'Twas the day before Christmas 1944 and not a creature was stirring... when there arose such a clatter.
The clatter was the sound of an aircraft engine exploding as it swooped low over Portmore Lough at Ballinderry near Aghalee.
The Royal Navy pilot had just taken off from nearby Long Kesh airfield on a training flight when he got into trouble.
With flames and smoke pouring from the engine of his Grumman Wildcat war plane, he quickly realised his only hope was to ditch in the water on the edge of Lough Neagh.
Fleet Air Arm Sub Lieutenant Peter Lock survived the Christmas Eve crash and was rescued by local people in a rowing boat.
When they got him ashore, they were astonished to discover when he took off his flying suit, he was dressed in his officer's uniform.
He explained that he was due at a Christmas Eve mess dinner that evening.
When he attended that soirée, he got a merciless ribbing because his smart, newly purchased officer's uniform was stained yellow with the dye that was automatically discharged from his life jacket when he hit the water. This was used to help air-sea rescue teams track ditched pilots.
Peter Lock recalled the events of that day, some years later.
"This was Christmas Eve and the water was very cold. People rowed out and got me ashore," he said.
"In the Navy there's a tradition of officers serving dinner to the men on Christmas Eve and the gesture is reciprocated on Christmas Day."
He added that, before his flight, he changed into his uniform so that he wouldn't be in a rush to change when he landed back at base.
He added that he "subsequently had the uniform cleaned four times but the dye never really went away".
'I'm going to a party tonight'
The pilot returned to Northern Ireland several times after the war and later met one of his rescuers, Seamus Kane, who, as a schoolboy, had watched the Wildcat go down and raised the alarm.
"We saw smoke pouring from the engine of the plane...and it just went into the lough, like a duck landing on water" says Seamus, who is now in his 80s.
"I ran into the house and my sister was there putting up holly and my two brothers were also there.
"They went outside and saw the pilot climbing out onto the tail of the plane. So they drove around to the old church graveyard and met up with the lough caretaker and together they got into a boat and went out to rescue him."
When they reached the crashed plane, they noticed the pilot was soaking wet but he had only one thing on his mind when he spoke to his rescuers.
(He said:)"'Look at the state of me... and I'm going to a party tonight.'"
The crashed Wildcat, which was virtually intact, remained in Portmore Lough until 1984 when it was winched out of its muddy resting place by an Army helicopter, eventually finding its way to the Ulster Aviation Society, who planned to rebuild it.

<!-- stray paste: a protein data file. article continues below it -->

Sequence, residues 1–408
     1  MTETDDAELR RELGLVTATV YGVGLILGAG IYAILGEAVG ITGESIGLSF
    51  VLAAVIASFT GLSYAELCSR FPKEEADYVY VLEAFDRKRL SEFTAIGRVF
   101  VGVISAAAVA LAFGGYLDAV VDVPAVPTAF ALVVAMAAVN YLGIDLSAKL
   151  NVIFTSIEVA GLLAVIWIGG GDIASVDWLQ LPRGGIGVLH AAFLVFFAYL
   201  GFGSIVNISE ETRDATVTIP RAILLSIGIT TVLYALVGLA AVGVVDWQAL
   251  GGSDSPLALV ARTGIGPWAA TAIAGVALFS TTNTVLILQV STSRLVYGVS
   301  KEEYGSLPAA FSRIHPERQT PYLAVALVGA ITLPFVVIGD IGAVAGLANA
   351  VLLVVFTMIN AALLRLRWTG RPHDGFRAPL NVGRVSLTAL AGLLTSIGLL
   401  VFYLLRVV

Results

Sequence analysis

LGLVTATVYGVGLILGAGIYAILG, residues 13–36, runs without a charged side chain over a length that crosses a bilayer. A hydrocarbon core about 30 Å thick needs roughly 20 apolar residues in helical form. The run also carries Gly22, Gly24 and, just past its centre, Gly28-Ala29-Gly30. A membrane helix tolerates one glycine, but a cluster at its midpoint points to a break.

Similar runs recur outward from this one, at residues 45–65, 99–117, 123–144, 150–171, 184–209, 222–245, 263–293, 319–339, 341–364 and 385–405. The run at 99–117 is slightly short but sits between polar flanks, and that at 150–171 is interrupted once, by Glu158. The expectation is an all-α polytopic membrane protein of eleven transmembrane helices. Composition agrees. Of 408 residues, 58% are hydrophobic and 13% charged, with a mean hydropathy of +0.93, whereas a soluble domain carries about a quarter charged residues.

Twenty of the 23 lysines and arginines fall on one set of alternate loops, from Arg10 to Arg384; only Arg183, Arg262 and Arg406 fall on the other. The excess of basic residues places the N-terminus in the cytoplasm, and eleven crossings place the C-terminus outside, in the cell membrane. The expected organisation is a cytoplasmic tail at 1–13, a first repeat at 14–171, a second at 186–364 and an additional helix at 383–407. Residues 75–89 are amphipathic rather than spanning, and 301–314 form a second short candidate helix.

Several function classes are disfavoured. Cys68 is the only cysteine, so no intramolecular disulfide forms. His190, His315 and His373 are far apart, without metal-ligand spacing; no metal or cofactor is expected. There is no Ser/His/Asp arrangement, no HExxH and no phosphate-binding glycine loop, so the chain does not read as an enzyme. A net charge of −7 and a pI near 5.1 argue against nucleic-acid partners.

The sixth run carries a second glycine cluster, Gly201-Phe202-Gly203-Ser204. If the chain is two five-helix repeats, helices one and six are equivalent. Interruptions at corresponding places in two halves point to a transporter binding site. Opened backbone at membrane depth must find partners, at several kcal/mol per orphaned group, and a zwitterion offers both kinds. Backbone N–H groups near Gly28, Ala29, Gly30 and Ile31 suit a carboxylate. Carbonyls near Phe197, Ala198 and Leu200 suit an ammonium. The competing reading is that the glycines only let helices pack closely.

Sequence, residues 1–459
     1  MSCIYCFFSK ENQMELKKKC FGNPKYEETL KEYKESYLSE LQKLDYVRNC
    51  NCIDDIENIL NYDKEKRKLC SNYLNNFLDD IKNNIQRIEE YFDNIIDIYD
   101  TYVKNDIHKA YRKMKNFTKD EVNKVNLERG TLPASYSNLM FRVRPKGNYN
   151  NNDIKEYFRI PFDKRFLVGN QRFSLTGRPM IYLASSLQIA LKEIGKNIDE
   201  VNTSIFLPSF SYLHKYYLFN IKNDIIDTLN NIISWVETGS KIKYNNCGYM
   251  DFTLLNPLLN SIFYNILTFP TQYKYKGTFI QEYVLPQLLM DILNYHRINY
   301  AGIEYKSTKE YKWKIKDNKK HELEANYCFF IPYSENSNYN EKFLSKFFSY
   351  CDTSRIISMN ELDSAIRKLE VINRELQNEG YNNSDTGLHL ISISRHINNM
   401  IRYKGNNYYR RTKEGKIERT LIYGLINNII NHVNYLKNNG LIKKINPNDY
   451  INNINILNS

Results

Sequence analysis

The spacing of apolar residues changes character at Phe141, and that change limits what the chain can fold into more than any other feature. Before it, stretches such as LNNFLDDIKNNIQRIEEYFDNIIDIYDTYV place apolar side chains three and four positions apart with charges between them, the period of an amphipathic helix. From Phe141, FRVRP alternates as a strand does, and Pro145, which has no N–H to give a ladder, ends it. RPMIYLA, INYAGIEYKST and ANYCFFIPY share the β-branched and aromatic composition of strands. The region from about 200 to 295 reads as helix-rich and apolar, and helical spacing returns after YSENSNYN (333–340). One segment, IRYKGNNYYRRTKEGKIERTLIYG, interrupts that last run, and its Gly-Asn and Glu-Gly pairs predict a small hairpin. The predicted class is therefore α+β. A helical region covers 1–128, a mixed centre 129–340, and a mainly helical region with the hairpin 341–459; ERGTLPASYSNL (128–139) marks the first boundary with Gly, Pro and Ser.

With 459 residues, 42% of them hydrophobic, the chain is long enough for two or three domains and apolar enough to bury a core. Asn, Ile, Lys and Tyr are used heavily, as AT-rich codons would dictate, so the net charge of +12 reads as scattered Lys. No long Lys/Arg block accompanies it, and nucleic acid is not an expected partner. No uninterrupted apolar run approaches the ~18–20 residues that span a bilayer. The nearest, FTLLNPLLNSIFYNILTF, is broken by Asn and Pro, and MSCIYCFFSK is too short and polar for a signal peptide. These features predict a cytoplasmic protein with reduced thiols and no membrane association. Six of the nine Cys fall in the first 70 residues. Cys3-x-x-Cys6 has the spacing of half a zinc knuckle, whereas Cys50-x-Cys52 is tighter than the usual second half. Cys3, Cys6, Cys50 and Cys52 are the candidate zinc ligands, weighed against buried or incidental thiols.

The project is still ongoing 35 years later as the society's chairman Ray Burrows explained.
"It's a Mark Five Grumman Wildcat and is one of only three of its type left anywhere in the world."
It became the very first aircraft the society took ownership of for a collection.
He added: "The pilot, Peter Lock, became a good friend of the society in later years and when I spoke to him about the crash he always appeared to be more upset about his uniform being destroyed by the fluorescent dye rather than writing off his aircraft."
Over the decades as the aircraft lay partially submerged in the lough, it was stripped of some of its parts by souvenir hunters and the weather also took its toll.
Ray explained one of the main reasons it has taken so long to put the Wildcat back together.
"This was an American aircraft and, unfortunately, the US does not release military drawings of aircraft or any war equipment, even though this is 70 years old."
He explained that the society could not obtain the original drawings to make replacement parts.
"There is no real information about how the bits all go together so we have been working from scratch."
Portmore Lough is now an important wildlife sanctuary run by the Royal Society for the Protection of Birds.
Robin Brown is one of the volunteers and he knows nearly as much about the Wildcat as he does about the Whooper swans that are currently feeding on the lough.
"For decades, the plane wreck was a feature on the lough amongst the local people who knew all about it after the rescue of pilot Peter Lock .
"It would have been perched on at times by birds and they may even have nested on it but it didn't really play any major part in the birdlife on the lough.
"The fact that it was buried in mud on what is a very shallow lough meant that there was very little corrosion and the aircraft was quite well preserved."
While the aircraft is no longer there, the story of the "Wildcat landing amongst the birdlife" is featured on the information boards around the sanctuary.
And 75 years since the crash- the memory of how Peter Lock splashed his name in the lough's history lives on.